Note that descending rocket-engines-first is no new idea.  Space X does it with their Falcon boosters (albeit not from orbital speed), and “Stoke Space” may try that from orbital re-entry.  See  Stoke Space stakes its claim in the launch industry’s rush to fully reusable rockets”.  From there, “’Our entire profile will have the acceleration vector along the center-line axis,’ Lapsa said.”  That leaves some room for ambiguity, but I interpret it to mean that they will re-enter “engines first”.  In any case, I assume here that it can be done.  However, building engines to withstand re-entry (or somehow placing a heat shield in front of them for re-entry) is outside of my scope here.  I have no relevant ideas concerning that.

            That seems to me to be a reasonable introduction, so let me provide an orientation (literally!) drawing, and then we can move on.


Figure #1


            The “fore” (rocket engines end) belly lifter-spoiler pushes approaching air down, lifting the nose up.  If we look at the parent document research, we see that the windward side (belly here) has a pressure about 100 times that of the lee side (back or top side here).  That means that the position of the back-side lifter-spoiler isn’t really going to matter all that much, assuming it is much smaller than the petals.  The “petal” on the belly aft end is in a fairly neutral attitude, not making much of a difference (adding a wee tad of lift as is shown above).  The large “petal” on the top-side aft end, though, pushes air upwards.  Being to the rear of the center of gravity, this will push the aft end down, maintaining our “angle of attack”.  The belly side being at a pressure of roughly 100 times that of the top (back) surface, of course, tells us that we get plenty of lift!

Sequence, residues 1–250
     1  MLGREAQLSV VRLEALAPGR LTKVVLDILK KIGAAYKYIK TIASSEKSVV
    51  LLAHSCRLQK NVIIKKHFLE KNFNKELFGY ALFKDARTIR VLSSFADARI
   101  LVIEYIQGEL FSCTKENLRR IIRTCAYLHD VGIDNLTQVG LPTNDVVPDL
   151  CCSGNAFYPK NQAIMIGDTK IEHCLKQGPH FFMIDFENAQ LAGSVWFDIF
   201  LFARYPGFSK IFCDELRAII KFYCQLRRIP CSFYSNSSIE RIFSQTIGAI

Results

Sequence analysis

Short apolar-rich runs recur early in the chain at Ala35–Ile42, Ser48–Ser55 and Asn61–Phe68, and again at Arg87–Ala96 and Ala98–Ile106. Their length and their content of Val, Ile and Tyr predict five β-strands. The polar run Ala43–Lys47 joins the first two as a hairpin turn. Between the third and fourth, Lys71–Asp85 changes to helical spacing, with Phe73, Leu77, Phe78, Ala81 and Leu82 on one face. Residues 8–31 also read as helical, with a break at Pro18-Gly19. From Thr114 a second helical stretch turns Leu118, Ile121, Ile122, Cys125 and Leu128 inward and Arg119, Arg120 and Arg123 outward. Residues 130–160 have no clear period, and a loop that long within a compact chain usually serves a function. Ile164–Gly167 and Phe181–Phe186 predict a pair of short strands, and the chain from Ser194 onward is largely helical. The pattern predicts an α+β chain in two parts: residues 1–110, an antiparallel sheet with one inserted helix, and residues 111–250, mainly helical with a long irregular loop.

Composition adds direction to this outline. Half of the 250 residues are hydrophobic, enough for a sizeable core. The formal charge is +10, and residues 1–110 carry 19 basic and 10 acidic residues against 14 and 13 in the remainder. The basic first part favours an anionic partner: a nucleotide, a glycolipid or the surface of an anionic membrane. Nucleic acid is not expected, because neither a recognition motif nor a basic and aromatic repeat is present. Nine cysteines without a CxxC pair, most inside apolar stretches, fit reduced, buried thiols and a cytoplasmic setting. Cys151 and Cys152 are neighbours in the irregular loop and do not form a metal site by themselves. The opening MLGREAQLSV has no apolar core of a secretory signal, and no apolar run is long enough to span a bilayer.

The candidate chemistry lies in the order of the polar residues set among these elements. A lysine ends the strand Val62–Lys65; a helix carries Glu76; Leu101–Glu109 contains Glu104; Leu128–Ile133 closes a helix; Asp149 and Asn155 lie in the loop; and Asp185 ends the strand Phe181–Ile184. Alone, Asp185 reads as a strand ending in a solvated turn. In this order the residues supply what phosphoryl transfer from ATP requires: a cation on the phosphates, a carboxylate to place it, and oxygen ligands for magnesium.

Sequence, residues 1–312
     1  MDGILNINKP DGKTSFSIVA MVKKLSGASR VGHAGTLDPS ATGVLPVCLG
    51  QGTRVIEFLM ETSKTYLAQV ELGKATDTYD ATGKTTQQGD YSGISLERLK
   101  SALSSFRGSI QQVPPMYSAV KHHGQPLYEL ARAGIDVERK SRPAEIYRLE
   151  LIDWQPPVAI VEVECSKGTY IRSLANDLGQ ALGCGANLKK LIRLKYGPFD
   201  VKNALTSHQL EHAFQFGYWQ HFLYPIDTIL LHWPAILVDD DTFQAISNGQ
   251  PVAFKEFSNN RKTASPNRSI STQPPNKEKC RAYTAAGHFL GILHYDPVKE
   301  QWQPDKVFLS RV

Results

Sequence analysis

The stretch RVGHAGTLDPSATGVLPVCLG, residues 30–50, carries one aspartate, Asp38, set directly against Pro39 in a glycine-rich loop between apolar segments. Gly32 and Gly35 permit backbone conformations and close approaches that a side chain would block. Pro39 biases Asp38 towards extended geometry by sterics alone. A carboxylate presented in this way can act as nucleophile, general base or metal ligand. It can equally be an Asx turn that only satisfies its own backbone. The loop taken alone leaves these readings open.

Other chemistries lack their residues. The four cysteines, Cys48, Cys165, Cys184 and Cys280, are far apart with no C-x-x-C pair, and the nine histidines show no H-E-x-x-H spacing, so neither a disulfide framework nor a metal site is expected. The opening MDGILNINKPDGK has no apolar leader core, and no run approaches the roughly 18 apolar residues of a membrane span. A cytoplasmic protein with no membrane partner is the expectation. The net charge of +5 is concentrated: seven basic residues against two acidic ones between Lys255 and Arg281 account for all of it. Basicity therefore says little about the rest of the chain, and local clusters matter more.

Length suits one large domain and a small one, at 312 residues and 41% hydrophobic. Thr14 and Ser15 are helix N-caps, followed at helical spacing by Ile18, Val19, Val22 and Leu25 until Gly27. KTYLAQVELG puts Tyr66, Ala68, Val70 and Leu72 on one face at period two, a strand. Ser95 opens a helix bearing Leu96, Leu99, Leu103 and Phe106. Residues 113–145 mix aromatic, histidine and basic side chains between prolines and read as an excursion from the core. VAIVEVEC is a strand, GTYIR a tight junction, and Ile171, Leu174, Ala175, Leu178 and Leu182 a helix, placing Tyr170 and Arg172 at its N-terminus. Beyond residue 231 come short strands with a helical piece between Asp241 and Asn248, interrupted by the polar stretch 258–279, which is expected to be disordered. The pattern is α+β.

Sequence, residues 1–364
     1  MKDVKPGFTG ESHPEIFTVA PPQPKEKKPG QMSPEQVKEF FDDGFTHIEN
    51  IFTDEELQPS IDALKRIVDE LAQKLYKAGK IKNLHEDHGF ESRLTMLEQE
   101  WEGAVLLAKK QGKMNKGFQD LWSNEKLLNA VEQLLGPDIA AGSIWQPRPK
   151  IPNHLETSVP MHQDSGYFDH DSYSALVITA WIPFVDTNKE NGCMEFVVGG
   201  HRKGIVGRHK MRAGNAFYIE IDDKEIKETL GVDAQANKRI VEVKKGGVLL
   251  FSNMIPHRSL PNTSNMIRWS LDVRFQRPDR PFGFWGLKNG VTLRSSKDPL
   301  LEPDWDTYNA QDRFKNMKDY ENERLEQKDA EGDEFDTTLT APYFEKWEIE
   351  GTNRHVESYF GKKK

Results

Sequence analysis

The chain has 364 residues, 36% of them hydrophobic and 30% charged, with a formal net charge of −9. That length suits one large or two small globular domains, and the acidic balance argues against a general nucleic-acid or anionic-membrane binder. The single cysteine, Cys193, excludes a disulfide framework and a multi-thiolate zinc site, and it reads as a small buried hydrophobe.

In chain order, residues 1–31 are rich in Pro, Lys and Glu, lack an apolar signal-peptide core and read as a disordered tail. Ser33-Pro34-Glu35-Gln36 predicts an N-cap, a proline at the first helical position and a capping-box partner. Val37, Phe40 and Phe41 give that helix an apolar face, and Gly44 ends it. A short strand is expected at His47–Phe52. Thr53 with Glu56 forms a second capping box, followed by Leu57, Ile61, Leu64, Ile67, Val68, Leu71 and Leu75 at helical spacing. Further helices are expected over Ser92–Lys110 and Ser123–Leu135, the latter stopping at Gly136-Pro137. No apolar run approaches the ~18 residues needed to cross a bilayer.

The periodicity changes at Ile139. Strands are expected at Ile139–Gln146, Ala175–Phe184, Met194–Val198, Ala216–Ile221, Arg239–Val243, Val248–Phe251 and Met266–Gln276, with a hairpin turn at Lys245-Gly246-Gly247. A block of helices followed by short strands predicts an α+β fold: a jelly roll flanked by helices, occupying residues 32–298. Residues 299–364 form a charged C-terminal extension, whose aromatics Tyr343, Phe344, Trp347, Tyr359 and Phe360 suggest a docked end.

Diving Right In!


            Diving right into the atmosphere, and the details here, let’s move right along, while also, from time to time, plugging various holes that were left in the parent document.  The above drawing should be enough to illustrate the control of “angle of attack”, or “pitch” (unlike in airplanes, the two are about the same thing, here).  I’m not really completely sure what the aft belly petal should be doing (exactly how it should be adjusted).  The below drawing is easy enough to provide, so here it is.